A passenger train came within half a second of hitting two cars after accidentally raising a barrier at a level crossing in Norfolk, the investigation found.
Accident investigators say the combination of poor engineering and line sheets indicates an automatic signal that prompted expecting vehicles to cross the track on the way to the incoming Greater Angelina passenger train.
The quick thinking of the trainee driver’s trainer, who noticed the obstacles and told the driver to apply the emergency brake, an accident was avoided, the train accelerated to about 40 mph before reaching the crossing.
A car went in each direction towards the front of the moving train, on the evening of 24 November 2019 the train missed the rear of a car less than half a second and came to a halt just 230 meters further down the track.
According to the Rail Accident Investigation Branch, coating sheets were found on the Miss Railroad near Norwich Road Level Crossing near New Rockith in Norfolk – on top of the steel rail of the rail track that came in contact with the wheels.
Investigators said the contamination could disrupt the electrical signals that marked the train’s location, prompting the level crossing barriers to be handled. A treatment train that cleans the rails and does not run on the weekend of the line, leaving more than twice the buildup during heavy leaf fall.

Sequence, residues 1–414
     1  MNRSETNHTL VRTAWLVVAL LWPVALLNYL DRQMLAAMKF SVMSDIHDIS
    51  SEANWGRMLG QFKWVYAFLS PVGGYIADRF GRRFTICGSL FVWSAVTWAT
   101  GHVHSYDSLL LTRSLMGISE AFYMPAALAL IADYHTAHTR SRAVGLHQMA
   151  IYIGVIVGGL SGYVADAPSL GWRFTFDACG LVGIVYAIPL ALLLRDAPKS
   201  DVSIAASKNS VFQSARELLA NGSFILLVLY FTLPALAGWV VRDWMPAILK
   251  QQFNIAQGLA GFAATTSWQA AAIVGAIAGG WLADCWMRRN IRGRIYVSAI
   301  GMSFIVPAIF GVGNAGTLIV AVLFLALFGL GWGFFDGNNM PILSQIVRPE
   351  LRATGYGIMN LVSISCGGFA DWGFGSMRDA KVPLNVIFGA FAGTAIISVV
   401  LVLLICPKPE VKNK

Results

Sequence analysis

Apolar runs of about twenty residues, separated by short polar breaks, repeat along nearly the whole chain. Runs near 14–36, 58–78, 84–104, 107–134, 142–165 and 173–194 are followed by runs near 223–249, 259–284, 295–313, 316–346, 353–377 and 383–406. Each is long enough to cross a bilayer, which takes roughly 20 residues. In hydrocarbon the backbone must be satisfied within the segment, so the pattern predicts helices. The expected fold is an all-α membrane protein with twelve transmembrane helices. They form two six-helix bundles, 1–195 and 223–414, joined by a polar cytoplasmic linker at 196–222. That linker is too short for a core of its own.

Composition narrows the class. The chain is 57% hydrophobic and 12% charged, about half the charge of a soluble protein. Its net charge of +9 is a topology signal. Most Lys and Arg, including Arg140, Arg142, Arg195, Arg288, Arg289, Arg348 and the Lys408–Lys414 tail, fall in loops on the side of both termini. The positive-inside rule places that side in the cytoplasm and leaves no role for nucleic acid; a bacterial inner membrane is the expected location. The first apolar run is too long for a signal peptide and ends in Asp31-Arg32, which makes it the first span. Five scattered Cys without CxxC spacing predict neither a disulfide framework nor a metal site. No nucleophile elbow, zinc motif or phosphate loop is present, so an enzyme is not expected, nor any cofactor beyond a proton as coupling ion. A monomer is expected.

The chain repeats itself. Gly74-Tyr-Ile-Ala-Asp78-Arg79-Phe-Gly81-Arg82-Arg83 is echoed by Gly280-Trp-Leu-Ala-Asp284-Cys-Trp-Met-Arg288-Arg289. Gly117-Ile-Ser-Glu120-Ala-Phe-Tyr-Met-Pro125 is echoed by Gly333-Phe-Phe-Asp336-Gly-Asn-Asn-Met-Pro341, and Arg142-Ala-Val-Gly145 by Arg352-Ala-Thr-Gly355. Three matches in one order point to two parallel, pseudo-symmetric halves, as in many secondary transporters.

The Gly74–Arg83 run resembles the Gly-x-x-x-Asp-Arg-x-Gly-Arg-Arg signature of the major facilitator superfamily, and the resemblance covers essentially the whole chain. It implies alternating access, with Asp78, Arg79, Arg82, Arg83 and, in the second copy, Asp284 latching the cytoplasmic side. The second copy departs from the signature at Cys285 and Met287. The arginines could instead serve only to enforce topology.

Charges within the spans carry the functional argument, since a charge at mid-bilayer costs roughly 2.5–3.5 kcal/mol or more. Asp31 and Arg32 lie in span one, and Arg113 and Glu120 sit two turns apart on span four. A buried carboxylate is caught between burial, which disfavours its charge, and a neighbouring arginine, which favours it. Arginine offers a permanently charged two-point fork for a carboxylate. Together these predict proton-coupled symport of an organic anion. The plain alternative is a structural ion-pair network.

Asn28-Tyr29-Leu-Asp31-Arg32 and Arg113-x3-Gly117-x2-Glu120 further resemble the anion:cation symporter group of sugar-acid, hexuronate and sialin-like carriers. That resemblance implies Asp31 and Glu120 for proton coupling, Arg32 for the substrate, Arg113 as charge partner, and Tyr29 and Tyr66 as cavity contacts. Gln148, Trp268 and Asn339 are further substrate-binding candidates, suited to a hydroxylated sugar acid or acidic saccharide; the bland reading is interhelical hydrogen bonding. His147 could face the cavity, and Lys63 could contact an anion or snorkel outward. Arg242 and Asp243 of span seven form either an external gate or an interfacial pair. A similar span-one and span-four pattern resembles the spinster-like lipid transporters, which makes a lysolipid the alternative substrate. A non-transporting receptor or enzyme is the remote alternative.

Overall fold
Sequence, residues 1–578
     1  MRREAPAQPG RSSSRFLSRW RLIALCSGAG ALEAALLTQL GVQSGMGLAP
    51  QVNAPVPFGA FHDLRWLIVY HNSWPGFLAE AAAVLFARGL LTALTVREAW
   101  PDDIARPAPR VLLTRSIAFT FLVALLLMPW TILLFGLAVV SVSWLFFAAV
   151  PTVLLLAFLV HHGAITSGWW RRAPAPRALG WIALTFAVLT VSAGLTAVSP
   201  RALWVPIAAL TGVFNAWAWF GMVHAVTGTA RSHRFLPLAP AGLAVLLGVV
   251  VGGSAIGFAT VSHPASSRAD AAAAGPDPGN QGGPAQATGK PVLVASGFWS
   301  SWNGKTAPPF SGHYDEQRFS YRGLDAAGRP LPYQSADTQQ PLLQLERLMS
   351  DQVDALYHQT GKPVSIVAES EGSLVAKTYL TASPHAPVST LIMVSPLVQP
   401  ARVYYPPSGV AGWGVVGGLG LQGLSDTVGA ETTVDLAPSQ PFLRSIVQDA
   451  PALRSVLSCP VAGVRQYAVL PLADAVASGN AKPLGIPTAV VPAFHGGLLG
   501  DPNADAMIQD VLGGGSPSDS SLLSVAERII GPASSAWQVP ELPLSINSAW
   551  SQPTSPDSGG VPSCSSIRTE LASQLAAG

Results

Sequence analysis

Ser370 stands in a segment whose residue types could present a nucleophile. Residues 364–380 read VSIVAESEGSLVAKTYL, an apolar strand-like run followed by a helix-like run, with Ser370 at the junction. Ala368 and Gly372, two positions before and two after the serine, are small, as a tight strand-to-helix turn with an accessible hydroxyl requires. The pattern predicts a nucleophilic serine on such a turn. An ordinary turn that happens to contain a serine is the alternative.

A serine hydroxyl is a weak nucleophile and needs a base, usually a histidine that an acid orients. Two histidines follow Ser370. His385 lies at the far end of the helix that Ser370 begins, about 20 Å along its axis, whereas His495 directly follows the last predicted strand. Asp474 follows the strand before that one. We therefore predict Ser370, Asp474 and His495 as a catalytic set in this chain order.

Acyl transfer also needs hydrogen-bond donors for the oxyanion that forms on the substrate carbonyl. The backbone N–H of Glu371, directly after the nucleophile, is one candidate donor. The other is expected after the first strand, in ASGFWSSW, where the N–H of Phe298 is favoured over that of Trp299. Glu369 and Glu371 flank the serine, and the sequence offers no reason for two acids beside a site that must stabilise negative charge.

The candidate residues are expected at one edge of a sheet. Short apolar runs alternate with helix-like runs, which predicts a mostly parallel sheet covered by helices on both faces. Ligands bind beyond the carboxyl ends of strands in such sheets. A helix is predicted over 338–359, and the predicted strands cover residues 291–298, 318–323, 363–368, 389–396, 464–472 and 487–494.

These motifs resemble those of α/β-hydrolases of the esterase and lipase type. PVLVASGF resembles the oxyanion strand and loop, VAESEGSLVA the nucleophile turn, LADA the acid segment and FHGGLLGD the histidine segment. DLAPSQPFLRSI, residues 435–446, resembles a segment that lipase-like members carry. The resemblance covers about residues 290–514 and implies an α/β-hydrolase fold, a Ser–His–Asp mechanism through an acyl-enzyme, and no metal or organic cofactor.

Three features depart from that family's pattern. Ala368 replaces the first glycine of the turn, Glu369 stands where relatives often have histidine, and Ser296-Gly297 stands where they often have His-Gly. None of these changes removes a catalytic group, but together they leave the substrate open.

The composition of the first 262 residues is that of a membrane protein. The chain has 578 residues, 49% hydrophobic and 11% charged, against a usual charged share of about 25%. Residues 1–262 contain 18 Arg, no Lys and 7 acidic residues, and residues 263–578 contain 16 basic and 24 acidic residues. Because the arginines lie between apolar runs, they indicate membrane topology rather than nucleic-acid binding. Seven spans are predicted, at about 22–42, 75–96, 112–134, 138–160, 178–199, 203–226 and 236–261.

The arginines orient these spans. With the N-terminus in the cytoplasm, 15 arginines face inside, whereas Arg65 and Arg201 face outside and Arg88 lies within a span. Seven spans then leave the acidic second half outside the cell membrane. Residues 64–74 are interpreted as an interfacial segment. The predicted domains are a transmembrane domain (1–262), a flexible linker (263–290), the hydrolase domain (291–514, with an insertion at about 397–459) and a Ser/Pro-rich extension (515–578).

Simon French, chief inspector of rail accidents, said: “Often the interaction between road users and railway level crossings leads to incidents and accidents. In many cases the action of the road user is the immediate cause, but in this worrying situation, the shortcomings in the way the railway equipment is operated puts the two drivers and the man on a passenger train in grave danger without any fault of their own. .
“Our investigation found that the installation at Norwich Road Level Crossing was a weak part of the engineering that had been used for several years, and only luck had prevented the accident before.”
Level crossings have long been considered one of the most dangerous parts of the rail network. Network Rail has shut down more than a hundred over the past decade and plans to close 105 more across the Anglia region.
Network Rail and Greater Anglia say they have installed new track circuits, cut down trees and increased their cleanup in the autumn of 2020 through an additional treatment train running on rural routes.